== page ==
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Hundreds of homes are damaged in OK

BY GEORGE PIPER | Harrah, OK | September 23, 1998

The Rev. Dan Campbell of the First Baptist Church in Harrah heard the news reports but didn't know

how bad the damage was until he surveyed it firsthand on Tuesday.

"It's worse than I thought," he said in an interview Wednesday. "You walk through an area and there

are piles of rubbish a foot-and-a-half high where there used to be a trailer."

At least eight residences -- seven of them mobile homes -- were destroyed and at least 65 sustained

damage around Harrah, a town of about 10,000 people located 20 miles east of Oklahoma City. A

2-year-old boy died in one of the mobile homes.

In adjacent Logan County, destruction is similar: eight homes and business destroyed, 45 structures

with major damage and another 220 with substantial damage, said John Lewis the county's Civil

Defense director. No deaths or major injuries were reported in that county, but Lewis said the Red

Cross is sheltering some people.

Storms provided a mixed blessing for Oklahoma residents who suffered through a long dry spell. Rain

totals ranged from two to four inches across the area.

Weather officials attribute the wind damage to microbursts, caused by collapsing thunderstorms. Wind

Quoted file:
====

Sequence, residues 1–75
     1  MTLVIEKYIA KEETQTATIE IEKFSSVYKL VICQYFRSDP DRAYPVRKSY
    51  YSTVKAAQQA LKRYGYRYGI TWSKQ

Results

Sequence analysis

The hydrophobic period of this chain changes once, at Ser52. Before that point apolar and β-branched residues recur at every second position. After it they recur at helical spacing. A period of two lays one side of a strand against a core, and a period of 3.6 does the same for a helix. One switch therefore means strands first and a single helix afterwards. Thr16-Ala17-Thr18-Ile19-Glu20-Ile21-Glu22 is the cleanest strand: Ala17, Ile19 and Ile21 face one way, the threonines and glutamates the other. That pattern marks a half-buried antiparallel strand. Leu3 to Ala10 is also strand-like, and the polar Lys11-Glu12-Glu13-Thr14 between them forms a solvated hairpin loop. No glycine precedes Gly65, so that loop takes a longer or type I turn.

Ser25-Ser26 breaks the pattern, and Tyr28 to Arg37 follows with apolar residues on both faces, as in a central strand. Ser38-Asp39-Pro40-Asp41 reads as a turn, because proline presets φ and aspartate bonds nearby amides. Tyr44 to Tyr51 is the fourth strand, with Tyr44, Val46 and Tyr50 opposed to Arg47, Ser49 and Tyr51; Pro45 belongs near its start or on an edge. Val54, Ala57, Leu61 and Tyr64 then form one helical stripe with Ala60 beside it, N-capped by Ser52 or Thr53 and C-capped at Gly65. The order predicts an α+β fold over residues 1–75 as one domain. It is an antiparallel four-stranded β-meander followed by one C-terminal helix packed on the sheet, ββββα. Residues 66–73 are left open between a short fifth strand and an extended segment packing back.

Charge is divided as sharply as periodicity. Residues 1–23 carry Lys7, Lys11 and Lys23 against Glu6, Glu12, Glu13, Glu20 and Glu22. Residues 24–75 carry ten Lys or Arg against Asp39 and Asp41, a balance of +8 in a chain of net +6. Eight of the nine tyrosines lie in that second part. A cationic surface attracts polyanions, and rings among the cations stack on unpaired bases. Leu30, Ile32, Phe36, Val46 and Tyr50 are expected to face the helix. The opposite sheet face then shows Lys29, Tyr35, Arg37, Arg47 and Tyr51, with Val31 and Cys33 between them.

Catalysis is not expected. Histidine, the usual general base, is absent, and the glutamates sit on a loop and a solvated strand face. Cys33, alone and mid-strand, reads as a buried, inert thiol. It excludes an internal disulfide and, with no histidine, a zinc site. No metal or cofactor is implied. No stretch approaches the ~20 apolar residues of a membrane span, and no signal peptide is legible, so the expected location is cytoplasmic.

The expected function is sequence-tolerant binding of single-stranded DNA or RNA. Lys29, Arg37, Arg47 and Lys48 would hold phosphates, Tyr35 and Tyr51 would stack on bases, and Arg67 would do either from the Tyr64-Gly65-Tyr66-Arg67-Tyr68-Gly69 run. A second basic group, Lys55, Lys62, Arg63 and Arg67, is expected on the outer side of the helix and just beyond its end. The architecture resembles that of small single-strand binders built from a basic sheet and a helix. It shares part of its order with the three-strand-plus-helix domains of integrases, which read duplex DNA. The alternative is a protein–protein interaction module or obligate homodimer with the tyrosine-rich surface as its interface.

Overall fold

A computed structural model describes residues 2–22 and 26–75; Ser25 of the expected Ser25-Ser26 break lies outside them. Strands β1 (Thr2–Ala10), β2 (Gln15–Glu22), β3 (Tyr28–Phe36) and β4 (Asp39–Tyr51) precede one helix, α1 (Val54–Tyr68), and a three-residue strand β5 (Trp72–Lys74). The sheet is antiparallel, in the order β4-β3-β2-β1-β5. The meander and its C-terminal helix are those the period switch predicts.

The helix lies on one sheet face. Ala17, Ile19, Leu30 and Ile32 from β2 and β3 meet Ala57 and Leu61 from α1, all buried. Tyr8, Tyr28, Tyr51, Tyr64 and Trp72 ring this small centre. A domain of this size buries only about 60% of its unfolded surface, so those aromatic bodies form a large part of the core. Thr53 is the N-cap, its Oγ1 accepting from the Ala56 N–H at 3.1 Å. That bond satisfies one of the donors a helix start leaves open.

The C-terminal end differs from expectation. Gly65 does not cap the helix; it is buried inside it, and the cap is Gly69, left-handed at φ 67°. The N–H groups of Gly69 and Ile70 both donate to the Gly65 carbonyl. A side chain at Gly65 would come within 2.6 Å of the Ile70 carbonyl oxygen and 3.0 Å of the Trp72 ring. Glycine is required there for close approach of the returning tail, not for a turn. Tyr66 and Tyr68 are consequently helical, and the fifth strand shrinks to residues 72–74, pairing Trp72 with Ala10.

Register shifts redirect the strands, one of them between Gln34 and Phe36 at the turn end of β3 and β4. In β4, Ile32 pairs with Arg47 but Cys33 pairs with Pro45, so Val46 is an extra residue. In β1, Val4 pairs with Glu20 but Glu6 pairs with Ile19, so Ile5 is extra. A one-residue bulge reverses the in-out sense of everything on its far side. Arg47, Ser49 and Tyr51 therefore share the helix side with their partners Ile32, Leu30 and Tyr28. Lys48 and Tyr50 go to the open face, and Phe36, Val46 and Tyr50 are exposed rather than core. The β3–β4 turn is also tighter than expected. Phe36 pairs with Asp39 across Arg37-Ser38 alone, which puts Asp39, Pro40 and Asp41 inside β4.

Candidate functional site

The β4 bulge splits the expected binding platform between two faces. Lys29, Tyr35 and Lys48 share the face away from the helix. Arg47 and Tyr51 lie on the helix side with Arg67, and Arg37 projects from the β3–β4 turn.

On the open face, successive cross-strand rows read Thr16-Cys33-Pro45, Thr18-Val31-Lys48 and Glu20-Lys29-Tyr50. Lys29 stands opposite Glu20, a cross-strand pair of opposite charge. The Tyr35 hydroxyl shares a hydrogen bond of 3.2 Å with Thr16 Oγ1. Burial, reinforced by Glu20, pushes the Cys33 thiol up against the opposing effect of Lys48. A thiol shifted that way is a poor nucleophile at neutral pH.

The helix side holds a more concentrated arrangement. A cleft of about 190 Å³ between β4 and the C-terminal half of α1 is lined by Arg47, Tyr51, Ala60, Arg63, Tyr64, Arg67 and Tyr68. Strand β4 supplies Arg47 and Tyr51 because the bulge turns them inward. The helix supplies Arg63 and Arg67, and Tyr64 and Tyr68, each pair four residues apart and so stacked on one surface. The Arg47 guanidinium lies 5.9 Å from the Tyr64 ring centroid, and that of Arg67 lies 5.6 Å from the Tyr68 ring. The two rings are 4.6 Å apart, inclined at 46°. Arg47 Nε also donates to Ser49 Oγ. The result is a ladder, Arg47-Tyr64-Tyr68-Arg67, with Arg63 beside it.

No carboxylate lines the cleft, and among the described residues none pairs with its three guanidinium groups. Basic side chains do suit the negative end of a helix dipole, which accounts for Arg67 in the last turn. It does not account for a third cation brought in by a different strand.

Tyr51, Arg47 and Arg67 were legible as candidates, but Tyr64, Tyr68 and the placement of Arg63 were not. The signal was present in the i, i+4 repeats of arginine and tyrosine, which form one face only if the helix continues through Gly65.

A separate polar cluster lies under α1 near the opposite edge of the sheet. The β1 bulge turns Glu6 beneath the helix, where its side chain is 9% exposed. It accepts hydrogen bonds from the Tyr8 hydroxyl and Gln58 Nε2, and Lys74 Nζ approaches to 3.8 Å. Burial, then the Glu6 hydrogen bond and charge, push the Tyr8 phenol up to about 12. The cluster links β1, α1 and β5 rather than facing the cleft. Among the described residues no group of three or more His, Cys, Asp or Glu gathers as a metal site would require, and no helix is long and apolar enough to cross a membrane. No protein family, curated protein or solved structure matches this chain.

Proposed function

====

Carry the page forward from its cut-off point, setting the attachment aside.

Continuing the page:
speeds reached 80 mph, knocking down trees and power lines and leaving some 23,000 people without


Campbell, New Walla First Baptist Church Pastor Griff Henderson and Sam Porter, men's ministries

specialist for the Baptist General Convention of Oklahoma, toured storm-damaged areas Wednesday to

determine what aid the organization can give. The state group's disaster relief arm give financial help up

to $500 to families and serves food and in disaster relief situations, said Porter.

The local pastors will assess needs and report back to the state office, added Porter. The offers are

need-based, meaning recipients don't have to belong to the churches distributing the aid.

In Harrah, Campbell's church teamed with Red Cross officials to serve as a command post and shelter.

Officials stayed at the church until 2:30 a.m. Tuesday, but no persons requested overnight housing.

Some of the church's 700 members assisted by feeding relief workers and residents left homeless.

Others are donating money or supplies for survivors. The American Red Cross is on site, Campbell

added, administering first aid and offering counseling and financial assistance.

One family needed a tree moved from a driveway so they could load up any salvageable possession

from their destroyed mobile home, said Campbell. So the church paid for them to rent a moving van

and sent volunteers to remove the tree.

"The ladies from the church have been going door-to-door with sandwiches, giving food to people who

are cleaning up and trying to salvage what they can," said Campbell, who lives only a mile from the

heaviest destruction.

"We consider it a privilege to serve the Lord by meeting the needs of the people," he said. "It's a great

time for church to rally to the needs of humanity and show the love of God."

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